Pediatric Annals

CME Article 

Pediatric Uses of Fluoroquinolone Antibiotics

Thomas S. Murray, MD, PhD; Robert S. Baltimore, MD

  • Pediatric Annals. 2007;36(6)
  • Posted June 1, 2007

Abstract

Fluoroquinolone antibiotics have found widespread use in adults because of a favorable safety record, ease of administration (oral and intravenous forms available), and activity against a broad spectrum of gram-negative and gram-positive bacteria. Fluoroquinolones are derived from the first-generation quinolone, nalidixic acid, introduced into clinical practice in the 1960s. The addition of a fluorine to the quinolones created the second-generation fluoroquinolones, such as ciprofloxacin and levofloxacin. These drugs have a broader spectrum of antimicrobial activity compared with nalidixic acid, particularly against gram-negative bacteria, and improved pharmacokinetics. Further chemical modification resulted in the third- and fourth-generation quinolones, such as moxifloxacin, with expanded coverage to include gram-positive and anaerobic organisms. The classification of certain quinolones as either third- or fourth-generation is somewhat arbitrary and varies among references.

ABOUT THE AUTHORS

Thomas S. Murray, MD, PhD, is Postdoctoral Fellow in Pediatric Infectious Diseases, Yale University School of Medicine, New Haven, CT. Dr. Robert S. Baltimore, MD, is Professor of Pediatrics and Epidemiology, Yale University School of Medicine, Department of Pediatrics, Section Infectious Diseases, New Haven, CT.

Address correspondence to Robert S. Baltimore MD, Department of Pediatrics, Yale University School of Medicine, Box 208064, New Haven, CT 06520-8064; fax 203-785-7194; or e-mail robert.baltimore@yale.edu.

Dr. Baltimore and Dr. Murray disclosed no relevant financial relationships.

EDUCATIONAL OBJECTIVES

  1. Assess the safety data regarding the use of fluoroquinolones for children.
  2. Review the mechanisms and risk factors for microbial resistance to fluoroquinolones.
  3. Describe the recommended clinical indications for use of fluoroquinolones for children.

Abstract

Fluoroquinolone antibiotics have found widespread use in adults because of a favorable safety record, ease of administration (oral and intravenous forms available), and activity against a broad spectrum of gram-negative and gram-positive bacteria. Fluoroquinolones are derived from the first-generation quinolone, nalidixic acid, introduced into clinical practice in the 1960s. The addition of a fluorine to the quinolones created the second-generation fluoroquinolones, such as ciprofloxacin and levofloxacin. These drugs have a broader spectrum of antimicrobial activity compared with nalidixic acid, particularly against gram-negative bacteria, and improved pharmacokinetics. Further chemical modification resulted in the third- and fourth-generation quinolones, such as moxifloxacin, with expanded coverage to include gram-positive and anaerobic organisms. The classification of certain quinolones as either third- or fourth-generation is somewhat arbitrary and varies among references.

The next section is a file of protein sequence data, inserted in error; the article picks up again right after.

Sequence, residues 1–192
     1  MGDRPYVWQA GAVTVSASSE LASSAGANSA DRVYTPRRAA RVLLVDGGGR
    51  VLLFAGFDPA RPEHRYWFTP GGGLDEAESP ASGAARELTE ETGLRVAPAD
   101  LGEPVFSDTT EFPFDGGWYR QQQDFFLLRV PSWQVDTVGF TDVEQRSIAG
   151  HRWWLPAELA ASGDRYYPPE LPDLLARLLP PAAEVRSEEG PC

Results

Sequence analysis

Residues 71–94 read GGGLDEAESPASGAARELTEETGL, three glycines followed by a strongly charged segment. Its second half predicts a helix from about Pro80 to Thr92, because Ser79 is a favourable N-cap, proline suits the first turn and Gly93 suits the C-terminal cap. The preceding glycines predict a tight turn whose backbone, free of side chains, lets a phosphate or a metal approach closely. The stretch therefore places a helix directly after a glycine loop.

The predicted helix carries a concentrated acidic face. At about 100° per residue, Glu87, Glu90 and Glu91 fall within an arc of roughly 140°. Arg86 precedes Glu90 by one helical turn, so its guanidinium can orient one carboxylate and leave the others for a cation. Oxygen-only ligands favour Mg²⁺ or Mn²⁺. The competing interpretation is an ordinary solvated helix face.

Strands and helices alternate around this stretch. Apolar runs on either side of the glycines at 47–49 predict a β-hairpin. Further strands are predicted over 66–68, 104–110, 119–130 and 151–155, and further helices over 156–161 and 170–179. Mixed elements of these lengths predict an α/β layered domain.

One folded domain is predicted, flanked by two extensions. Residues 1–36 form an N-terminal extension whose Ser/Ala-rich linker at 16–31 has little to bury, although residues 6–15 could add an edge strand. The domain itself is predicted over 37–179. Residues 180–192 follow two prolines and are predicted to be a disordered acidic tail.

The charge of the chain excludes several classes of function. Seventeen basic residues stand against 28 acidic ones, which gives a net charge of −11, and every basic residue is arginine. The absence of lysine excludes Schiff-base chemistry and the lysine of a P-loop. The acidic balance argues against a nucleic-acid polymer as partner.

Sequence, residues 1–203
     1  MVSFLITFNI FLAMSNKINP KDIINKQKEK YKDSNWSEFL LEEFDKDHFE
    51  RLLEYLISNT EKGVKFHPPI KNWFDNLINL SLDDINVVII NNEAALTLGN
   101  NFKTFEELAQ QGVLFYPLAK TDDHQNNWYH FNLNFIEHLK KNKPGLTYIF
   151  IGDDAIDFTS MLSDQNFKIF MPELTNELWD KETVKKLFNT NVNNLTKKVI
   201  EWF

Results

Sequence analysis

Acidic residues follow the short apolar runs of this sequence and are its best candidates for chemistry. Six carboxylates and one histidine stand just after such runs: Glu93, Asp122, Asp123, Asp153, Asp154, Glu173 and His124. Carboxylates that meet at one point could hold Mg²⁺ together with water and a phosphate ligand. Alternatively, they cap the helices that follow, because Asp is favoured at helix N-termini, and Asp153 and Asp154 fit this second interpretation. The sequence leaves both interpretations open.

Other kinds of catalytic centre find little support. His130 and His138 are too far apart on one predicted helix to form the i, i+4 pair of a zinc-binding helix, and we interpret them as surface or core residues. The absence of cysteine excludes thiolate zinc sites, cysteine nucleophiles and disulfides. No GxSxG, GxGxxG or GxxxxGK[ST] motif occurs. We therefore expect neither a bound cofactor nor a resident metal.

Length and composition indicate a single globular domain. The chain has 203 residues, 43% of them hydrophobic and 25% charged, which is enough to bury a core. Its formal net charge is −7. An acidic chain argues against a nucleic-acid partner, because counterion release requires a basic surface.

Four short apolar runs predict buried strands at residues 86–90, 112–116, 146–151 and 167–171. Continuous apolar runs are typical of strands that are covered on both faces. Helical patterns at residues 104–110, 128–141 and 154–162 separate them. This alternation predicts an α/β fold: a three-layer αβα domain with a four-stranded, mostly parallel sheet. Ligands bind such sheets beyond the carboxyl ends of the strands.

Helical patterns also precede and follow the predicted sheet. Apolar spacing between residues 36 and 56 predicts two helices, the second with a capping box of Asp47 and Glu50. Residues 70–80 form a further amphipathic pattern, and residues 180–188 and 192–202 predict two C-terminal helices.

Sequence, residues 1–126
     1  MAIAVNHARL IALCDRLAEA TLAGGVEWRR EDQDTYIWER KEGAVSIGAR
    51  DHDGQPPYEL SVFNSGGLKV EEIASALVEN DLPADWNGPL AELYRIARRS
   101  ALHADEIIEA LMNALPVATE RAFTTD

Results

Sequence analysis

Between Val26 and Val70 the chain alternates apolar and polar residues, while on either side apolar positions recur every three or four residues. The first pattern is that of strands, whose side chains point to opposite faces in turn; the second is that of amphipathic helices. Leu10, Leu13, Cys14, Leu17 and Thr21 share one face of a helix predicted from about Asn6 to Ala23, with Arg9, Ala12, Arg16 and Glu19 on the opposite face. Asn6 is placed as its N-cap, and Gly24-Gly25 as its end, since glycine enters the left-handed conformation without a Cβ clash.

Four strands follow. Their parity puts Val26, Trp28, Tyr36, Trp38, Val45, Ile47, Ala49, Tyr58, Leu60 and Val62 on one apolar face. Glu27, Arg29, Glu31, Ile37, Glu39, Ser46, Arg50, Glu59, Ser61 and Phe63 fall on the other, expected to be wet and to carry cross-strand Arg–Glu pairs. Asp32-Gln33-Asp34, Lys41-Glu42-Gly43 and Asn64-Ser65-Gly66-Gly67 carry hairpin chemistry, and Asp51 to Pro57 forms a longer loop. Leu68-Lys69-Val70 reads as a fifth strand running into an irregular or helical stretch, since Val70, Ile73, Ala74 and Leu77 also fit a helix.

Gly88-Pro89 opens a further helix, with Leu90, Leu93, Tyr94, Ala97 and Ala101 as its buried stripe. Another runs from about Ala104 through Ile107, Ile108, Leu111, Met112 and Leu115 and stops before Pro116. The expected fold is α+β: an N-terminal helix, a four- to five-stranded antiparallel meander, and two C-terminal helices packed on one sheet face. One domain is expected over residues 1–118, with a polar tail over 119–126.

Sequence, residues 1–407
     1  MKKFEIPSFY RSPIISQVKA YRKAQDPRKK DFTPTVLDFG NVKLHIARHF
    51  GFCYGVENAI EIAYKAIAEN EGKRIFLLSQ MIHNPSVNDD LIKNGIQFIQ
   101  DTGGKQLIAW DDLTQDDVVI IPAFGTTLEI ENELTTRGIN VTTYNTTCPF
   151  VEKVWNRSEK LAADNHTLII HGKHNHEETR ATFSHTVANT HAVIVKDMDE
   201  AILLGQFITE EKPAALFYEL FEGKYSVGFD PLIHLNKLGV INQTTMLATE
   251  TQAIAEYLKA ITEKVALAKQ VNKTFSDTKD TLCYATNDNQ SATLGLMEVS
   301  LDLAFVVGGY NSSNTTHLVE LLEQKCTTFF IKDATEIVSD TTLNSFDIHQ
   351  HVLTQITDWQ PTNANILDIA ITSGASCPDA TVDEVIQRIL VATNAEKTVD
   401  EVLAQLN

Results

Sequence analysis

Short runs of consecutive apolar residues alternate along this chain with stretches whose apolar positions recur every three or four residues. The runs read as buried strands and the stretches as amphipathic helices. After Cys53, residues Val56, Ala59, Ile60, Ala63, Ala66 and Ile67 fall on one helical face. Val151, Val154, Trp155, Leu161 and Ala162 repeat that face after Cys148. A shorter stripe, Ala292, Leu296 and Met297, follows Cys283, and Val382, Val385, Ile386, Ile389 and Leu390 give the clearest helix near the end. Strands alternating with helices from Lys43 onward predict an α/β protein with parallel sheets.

ABOUT THE AUTHORS

Thomas S. Murray, MD, PhD, is Postdoctoral Fellow in Pediatric Infectious Diseases, Yale University School of Medicine, New Haven, CT. Dr. Robert S. Baltimore, MD, is Professor of Pediatrics and Epidemiology, Yale University School of Medicine, Department of Pediatrics, Section Infectious Diseases, New Haven, CT.

Address correspondence to Robert S. Baltimore MD, Department of Pediatrics, Yale University School of Medicine, Box 208064, New Haven, CT 06520-8064; fax 203-785-7194; or e-mail robert.baltimore@yale.edu.

Dr. Baltimore and Dr. Murray disclosed no relevant financial relationships.

EDUCATIONAL OBJECTIVES

  1. Assess the safety data regarding the use of fluoroquinolones for children.
  2. Review the mechanisms and risk factors for microbial resistance to fluoroquinolones.
  3. Describe the recommended clinical indications for use of fluoroquinolones for children.

Fluoroquinolone antibiotics have found widespread use in adults because of a favorable safety record, ease of administration (oral and intravenous forms available), and activity against a broad spectrum of gram-negative and gram-positive bacteria. Fluoroquinolones are derived from the first-generation quinolone, nalidixic acid, introduced into clinical practice in the 1960s. The addition of a fluorine to the quinolones created the second-generation fluoroquinolones, such as ciprofloxacin and levofloxacin. These drugs have a broader spectrum of antimicrobial activity compared with nalidixic acid, particularly against gram-negative bacteria, and improved pharmacokinetics. Further chemical modification resulted in the third- and fourth-generation quinolones, such as moxifloxacin, with expanded coverage to include gram-positive and anaerobic organisms. The classification of certain quinolones as either third- or fourth-generation is somewhat arbitrary and varies among references.

ABOUT THE AUTHORS

Thomas S. Murray, MD, PhD, is Postdoctoral Fellow in Pediatric Infectious Diseases, Yale University School of Medicine, New Haven, CT. Dr. Robert S. Baltimore, MD, is Professor of Pediatrics and Epidemiology, Yale University School of Medicine, Department of Pediatrics, Section Infectious Diseases, New Haven, CT.

Address correspondence to Robert S. Baltimore MD, Department of Pediatrics, Yale University School of Medicine, Box 208064, New Haven, CT 06520-8064; fax 203-785-7194; or e-mail robert.baltimore@yale.edu.

Dr. Baltimore and Dr. Murray disclosed no relevant financial relationships.

EDUCATIONAL OBJECTIVES

  1. Assess the safety data regarding the use of fluoroquinolones for children.
  2. Review the mechanisms and risk factors for microbial resistance to fluoroquinolones.
  3. Describe the recommended clinical indications for use of fluoroquinolones for children.

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